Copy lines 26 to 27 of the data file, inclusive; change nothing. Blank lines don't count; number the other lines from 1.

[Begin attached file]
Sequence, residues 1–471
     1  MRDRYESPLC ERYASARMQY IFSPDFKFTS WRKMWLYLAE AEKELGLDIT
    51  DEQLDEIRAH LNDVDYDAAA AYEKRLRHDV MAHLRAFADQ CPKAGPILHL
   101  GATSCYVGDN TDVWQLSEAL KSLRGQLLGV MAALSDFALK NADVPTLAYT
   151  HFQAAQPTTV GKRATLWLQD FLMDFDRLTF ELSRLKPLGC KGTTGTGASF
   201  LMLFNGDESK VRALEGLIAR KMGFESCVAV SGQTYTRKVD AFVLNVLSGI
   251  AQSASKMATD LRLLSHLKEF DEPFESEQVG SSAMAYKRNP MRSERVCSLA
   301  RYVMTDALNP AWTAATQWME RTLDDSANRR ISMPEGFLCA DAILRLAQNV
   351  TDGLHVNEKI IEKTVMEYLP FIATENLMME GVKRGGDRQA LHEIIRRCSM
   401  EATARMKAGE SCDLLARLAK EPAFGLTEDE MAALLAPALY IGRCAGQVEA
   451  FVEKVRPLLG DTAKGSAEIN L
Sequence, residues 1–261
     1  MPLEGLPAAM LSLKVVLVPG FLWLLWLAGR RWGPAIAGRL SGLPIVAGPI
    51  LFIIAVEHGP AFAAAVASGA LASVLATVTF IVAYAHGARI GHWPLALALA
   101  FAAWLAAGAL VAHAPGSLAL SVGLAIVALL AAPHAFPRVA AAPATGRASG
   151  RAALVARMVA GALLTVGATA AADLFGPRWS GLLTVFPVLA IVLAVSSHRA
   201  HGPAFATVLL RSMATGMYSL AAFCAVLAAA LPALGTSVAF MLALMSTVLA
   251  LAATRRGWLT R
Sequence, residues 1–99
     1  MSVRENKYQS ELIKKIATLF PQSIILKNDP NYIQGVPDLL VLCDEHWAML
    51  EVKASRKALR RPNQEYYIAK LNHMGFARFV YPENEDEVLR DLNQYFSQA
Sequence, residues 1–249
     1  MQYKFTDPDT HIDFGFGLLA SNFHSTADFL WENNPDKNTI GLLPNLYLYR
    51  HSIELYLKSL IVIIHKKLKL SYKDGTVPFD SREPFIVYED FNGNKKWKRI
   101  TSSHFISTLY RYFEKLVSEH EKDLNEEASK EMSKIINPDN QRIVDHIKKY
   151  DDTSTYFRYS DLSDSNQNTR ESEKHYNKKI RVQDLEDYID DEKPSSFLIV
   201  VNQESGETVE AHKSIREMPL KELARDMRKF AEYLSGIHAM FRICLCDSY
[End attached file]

   151  DDTSTYFRYS DLSDSNQNTR ESEKHYNKKI RVQDLEDYID DEKPSSFLIV
   201  VNQESGETVE AHKSIREMPL KELARDMRKF AEYLSGIHAM FRICLCDSY